This and Simon Monk's first book are essential to someone wanting to develop solutions using Arduino processors. I have programed in many languages, but not in C or C++. These books made it easy to understand. Anyone can jump right in and work with these systems with these books.
This is a good follow-on to Simon Monks first book "Programming Arduino Getting Started with Sketches". However, there is a little too much review in the first part of the book. Having just completed the first book, I found the first few chapters of this book to be just a rehash of the first. That being said, once you get past that there is a lot of good information about optimizing code and creating libraries and much more. That is why I did not mark it down in my rating. I think that this book presents enough new material to be well worth the price that I paid for it.
Once you've learned to write a simple Arduino program and load it on to your Arduino, the book "Programming Arduino Next Steps, Going Further with Sketches" is likely the only Arduino book you need to own.The author covers useful topics for enhancing the usability of the Arduino and its clones with just the right amount of detail. For me, he answered most of the questions I've had about the Arduino, but in one authoritative book instead of having to research innumerable answers of questionable authority on the internet. The amount of code he uses to illustrate a topic is sufficient so that you can see how to adapt it to your use easily without getting lost in the weeds. The topics he covers should appeal to a wide range of Arduino users. He covers using hardware and software interrupts and timers, reading and writing directly to hardware registers (with a huge performance increase) and how to improve memory usage efficiency. He also covers interfacing the Arduino to all sorts of hardware using common electronic interface standards such as I2C and SPI. There's also information about how to write software libraries, and how to write your programs directly to the microcontroller without the overhead of the Arduino bootloader. Buy the book. You won't be sorry.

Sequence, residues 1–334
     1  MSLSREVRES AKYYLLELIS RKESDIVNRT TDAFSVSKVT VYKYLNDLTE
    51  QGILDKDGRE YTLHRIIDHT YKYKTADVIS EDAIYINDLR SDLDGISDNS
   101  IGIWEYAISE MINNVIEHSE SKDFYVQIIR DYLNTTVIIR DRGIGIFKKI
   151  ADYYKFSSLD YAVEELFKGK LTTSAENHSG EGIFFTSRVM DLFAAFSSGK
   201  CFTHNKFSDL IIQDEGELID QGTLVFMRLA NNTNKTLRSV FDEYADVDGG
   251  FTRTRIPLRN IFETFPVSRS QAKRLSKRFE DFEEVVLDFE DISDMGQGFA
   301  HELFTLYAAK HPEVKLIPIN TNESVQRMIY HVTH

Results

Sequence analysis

I have half a dozen or so Arduino-related books and I find that this has discussions on some topics not covered elsewhere (at least as far as I've seen.) Some theory as well as schematics and sketches for are discussed for DSP and FFT, for instance. I also found the discussions on I2C and SPI to be better and more detailed than what is found in most other books. Very useful.
You can pay more for this book, and some say you can find the same information via youtube. I am one to like to read, and keep what I read as a reference, or to pass it on to a friend. The book has very good examples and example code can be downloaded from the authors web page. It starts off very simple, where it gets more complicated depends on your level of understanding, The book covers almost all aspects of programming, including memory management, all types of communication, Interrupts, timers, and much more.